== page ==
Marijuana Use Among Teens

Marijuana Use Among Teens

Marijuana is the most commonly used illegal drug in the United States, and teen marijuana use is increasing faster than other drugs. The U.S. Drug Enforcement Agency found that 30.5% of high school seniors in the United States reported using marijuana in 2021. Further, the amount of marijuana use among college students is at an all-time high. 

As parents and educators, we know the impact that marijuana use in teens has on areas of their life like academics, sports, co-curricular activities, judgment, determination, and personal development.

Almost half (45%) of American high school students think marijuana is “very easy” to get, while another 23% say it’s “fairly easy,” according to the 2019 Monitoring the Future survey. This perception can make it seem like it’s “not a big deal” to teens to use marijuana.

Marijuana’s impact on teens.

Although it’s illegal, most teens don’t think marijuana is harmful. Additionally, most teens don’t realize that marijuana can be addictive. Kids who start using marijuana often think they can control their use, but marijuana is an addictive substance and it’s possible for teens to become dependent on it if they use it frequently over a long period of time.

Marijuana can have serious consequences for the body and the brain, including long-term effects such as memory loss and poor concentration that last beyond the teen years. Using marijuana regularly can also reduce productivity. People who smoke pot every day tend to earn lower incomes than those who do not use at all and also spend more time unemployed or incarcerated than those who abstain from cannabis use entirely. Daily users were also found to be three times more likely than nonusers—or infrequent users—to drop out of school.

The earlier kids start using it, the more likely they are to develop a problem with it later in life.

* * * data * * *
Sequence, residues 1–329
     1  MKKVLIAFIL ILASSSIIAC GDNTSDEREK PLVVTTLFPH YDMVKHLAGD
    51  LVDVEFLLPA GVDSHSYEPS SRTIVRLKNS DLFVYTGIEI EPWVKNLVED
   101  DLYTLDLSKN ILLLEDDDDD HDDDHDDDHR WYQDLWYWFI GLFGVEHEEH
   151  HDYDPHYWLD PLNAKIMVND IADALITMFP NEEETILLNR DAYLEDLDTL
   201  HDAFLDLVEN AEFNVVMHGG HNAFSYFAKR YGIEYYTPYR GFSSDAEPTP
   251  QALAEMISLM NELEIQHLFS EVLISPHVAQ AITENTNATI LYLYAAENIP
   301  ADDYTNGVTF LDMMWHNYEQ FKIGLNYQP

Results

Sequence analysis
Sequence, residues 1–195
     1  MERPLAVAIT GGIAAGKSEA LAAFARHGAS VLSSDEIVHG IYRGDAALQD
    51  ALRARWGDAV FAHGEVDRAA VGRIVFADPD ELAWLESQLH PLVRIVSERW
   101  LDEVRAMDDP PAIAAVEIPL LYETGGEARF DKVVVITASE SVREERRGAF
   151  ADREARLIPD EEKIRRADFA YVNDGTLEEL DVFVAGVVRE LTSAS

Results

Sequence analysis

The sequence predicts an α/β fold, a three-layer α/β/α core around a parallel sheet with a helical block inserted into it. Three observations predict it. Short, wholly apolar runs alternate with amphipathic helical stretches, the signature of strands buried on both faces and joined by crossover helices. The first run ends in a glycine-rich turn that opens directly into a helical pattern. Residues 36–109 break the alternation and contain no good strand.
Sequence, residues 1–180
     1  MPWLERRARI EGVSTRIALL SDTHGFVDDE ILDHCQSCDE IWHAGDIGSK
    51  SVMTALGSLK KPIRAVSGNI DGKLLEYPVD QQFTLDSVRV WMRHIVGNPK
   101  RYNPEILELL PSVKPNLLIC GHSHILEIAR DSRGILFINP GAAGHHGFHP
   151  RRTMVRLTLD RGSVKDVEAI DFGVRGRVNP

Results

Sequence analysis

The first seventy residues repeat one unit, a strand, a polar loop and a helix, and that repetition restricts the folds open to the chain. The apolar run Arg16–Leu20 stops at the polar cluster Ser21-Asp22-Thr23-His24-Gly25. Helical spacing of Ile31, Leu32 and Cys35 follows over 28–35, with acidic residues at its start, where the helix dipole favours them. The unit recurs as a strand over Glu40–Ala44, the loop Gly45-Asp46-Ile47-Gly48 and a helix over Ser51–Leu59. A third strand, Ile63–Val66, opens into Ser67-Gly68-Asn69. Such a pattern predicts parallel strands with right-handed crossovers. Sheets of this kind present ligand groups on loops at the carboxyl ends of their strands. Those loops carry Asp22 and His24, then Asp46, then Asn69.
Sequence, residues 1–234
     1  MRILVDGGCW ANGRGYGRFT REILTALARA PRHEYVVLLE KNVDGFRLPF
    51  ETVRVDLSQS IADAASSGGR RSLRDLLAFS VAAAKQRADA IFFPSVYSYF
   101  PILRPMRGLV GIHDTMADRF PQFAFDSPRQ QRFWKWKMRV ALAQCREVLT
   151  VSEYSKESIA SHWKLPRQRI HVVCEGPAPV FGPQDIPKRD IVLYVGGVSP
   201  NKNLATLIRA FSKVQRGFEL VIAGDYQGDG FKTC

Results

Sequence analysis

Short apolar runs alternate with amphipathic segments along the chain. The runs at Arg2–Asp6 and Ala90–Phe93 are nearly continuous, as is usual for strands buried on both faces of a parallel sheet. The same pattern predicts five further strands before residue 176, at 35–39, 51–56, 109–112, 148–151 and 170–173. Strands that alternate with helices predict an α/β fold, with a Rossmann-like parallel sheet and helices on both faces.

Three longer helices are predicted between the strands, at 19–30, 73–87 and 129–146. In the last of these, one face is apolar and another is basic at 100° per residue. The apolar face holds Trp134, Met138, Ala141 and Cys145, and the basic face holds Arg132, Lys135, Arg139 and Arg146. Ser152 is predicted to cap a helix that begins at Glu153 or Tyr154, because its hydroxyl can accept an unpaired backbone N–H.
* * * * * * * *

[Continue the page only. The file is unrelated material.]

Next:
The earlier kids start using marijuana, the more likely they are to develop a problem with it later in life. Kids who start smoking weed at age 14 or younger are five times as likely to develop a marijuana use disorder (MUD) than those who do not start using until they are 18 or older. The risk of developing MUDs increases steadily with each year of use before reaching its highest point by age 16, when teens are more likely to smoke daily.

Marijuana use can have a negative impact on teens’ health and wellbeing. It’s important for parents and educators to talk about the risks of marijuana with their students and help them understand why it’s not safe for them to use. Drug Free Clubs of America can help you start this conversation and give you and your teen resources to prevent marijuana use. 

Drug Free Clubs of America is on a mission to reduce the impacts of drug use in youth. Across the nation, drug and alcohol use is on the rise among teens. We provide students with practical tools and techniques to navigate peer pressure and choose a healthy lifestyle. Partnering with schools and communities, we offer preventative programming to meet students where they are. Through randomized drug testing, educational resources, a positive outlet, and a supportive community, we are changing school cultures and reducing alcohol, marijuana, vaping, and other detrimental activities among our members and the entire school body. Drug Free Clubs of America has over 5,000 student and faculty/staff members and Clubs in over 50 schools in Ohio, Kentucky, and West Virginia.

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